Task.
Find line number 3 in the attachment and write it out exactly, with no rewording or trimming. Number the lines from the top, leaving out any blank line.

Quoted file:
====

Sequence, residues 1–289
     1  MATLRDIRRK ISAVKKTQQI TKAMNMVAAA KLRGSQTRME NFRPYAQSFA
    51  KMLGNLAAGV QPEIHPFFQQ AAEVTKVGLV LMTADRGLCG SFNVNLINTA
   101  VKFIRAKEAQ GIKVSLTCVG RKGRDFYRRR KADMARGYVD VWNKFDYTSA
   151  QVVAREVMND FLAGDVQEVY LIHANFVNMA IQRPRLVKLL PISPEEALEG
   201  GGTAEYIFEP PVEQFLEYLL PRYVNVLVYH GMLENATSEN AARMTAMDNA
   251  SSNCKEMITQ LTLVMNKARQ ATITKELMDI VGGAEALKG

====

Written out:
    51  KMLGNLAAGV QPEIHPFFQQ AAEVTKVGLV LMTADRGLCG SFNVNLINTA